Over 40 people from across the Midwest came together in Duluth, MN to participate in our Talk Climate Institute on March 25-26, 2019.

Polls on climate change show that 70% of Americans believe that climate change is happening and that it will cause harm to future generations, yet two-thirds of Americans say they never talk about it. So, we know that there is a disconnect between people feeling concerned, but lacking confidence. One of the most important things we can do to address climate change is to talk about it!

The Program

During the Talk Climate Institute, participants developed skills to unpack dynamics on beliefs and behavior to find common ground, and to learn practical strategies to begin new possibilities. They actively participated in a progression of activities that layered upon each other through personal reflection, group sharing, storytelling, art, workshops, partner conversations and more. The work is such that what you put into it is what you get out of it, and it tends to stretch people out of their comfort zone. This is where we see the biggest potential to build confidence and empowerment, which is essential for engaging in a challenging issue like climate change.

The American Indian Community Housing Organization (AICHO) was a warm and welcoming space to come together. AICHO helped to reflect the beautiful place that Duluth is, along with the people whose stories are connected to this place. As a local example of climate solutions, AICHO showcases the first fully functional solar array on an Indigenous center in the country, and has implemented urban gardens and green space, with a focus on strengthening climate and cultural resilience among Native communities.

With an intentional effort to elevate Indigenous voices that are often not included in mainstream conversations on climate change, we were honored to have Indigenous perspectives and Traditional Ecological Knowledge shared with participants through powerful speakers, including; Karen Diver, Melonee Montano, and Robert Blake. An opening welcome with traditional pipe ceremony was graciously provided by Ricky DeFoe and Landon Manitowabi, and helped to honor this local perspective and to set the tone.

We culminated with a field trip to visit with climate friendly Mayor Emily Larson at Duluth City Hall. Participants shared their newly crafted stories to facilitate the conversation and heard practical advice for talking to elected officials to promote deeper action on climate change.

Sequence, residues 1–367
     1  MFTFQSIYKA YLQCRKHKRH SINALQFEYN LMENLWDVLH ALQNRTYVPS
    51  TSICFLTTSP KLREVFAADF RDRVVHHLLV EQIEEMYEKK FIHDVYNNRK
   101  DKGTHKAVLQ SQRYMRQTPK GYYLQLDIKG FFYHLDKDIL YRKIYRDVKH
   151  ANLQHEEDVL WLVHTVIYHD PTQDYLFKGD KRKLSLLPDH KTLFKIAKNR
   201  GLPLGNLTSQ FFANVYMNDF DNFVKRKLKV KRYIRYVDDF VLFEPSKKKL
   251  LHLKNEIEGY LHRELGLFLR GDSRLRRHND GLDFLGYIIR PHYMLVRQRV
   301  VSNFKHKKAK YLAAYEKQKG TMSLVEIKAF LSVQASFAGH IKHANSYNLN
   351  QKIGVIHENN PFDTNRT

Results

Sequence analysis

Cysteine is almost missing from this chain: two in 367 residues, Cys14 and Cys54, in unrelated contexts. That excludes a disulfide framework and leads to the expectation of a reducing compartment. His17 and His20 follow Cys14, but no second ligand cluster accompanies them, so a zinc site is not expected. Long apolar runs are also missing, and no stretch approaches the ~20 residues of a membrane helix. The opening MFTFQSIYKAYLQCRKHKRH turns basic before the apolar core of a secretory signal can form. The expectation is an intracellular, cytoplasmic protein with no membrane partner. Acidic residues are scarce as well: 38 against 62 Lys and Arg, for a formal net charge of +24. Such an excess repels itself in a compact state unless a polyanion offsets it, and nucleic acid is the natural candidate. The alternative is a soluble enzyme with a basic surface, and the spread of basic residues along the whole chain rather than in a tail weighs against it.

What participants are saying…

“Miigwech for all your work. With gatherings like this we can learn more about how climate change affects everyone, and everything. Without these gatherings we wouldn’t be able to come together, connect and work with people with different backgrounds to come up with solutions for a better future for generations that follow us.”

“This work can be hard and isolating. I highly valued meeting others that are also doing the hard
work. I felt I made allies in this fight and now know I am not alone.”

“The Talk Climate Institute was such an empowering workshop. We delved into the science, traditional ecological knowledge, and some deep emotion as it relates to climate change. There are not a lot of spaces that welcome these types of conversations. Great forum and people!”

The Impact

Pre- and post-survey results show:

  • 100% of participants said the Talk Climate Institute was worth their time
  • 100% of participants reported a significant increase in confidence in their ability to explain, mobilize, and communicate about climate change

Participants reported they:

  • Plan to tell their climate story to a friend, colleague, or family member (96%)
  • Plan to use their climate story to communicate with an elected official (56%)
  • Felt more connected to a community of support (100%)
  • Made a personal connection to climate change (100%)
  • Realized they had a story to tell (100%)

A goal we have in bringing people together is to grow attendees’ networks and provide opportunities for them to get to know people in their communities who care about climate change and want to engage in action. Attendees reported an increase in the number of people they felt comfortable talking to about climate change — ranging from calling or texting to actually meeting in person.

 

Take a virtual tour through the Talk Climate Institute agenda. Click on the links and handouts to get more information!

Graphic Recordings – Lisa Troutman, Drawnwell

How to #talkclimate
Tip Sheet
Video (credit: Alliance for Climate Education)

Keynote Speaker – Karen Diver, Inaugural Faculty Fellow for Inclusive Excellence for Native American Affairs at the College of St. Scholastica, former Special Assistant to the Obama White House on Native American Affairs, and former Chairwoman of the Fond du Lac Band of Lake Superior Chippewa

Traditional Ecological Knowledge – Melonee Montano, Traditional Ecological Knowledge Outreach Specialist for Great Lakes Indian Fish and Wildlife Commission, GLIFWC.

GLIFWC Climate Change Vulnerability Assessment

Social Science – Kristen Poppleton, Director of Programs, Climate Generation

Storytelling Workshop
Handout #1

Storytelling Collection

Reflective Listening Activity

Hopeful Solutions – Robert Blake, Founder and CEO of Solar Bear and tribal member of the Red Lake Band of Ojibwe Indians

Vote Workshop
Handout #1

Voice Workshop
Handout #1

Handout #2

Climate Cast Stories on MPR

Partnerships Workshop
Handout #1

Climate Convenings Toolkit

Education Workshop
Presentation

At the end of the Talk Climate Institute, we asked participants…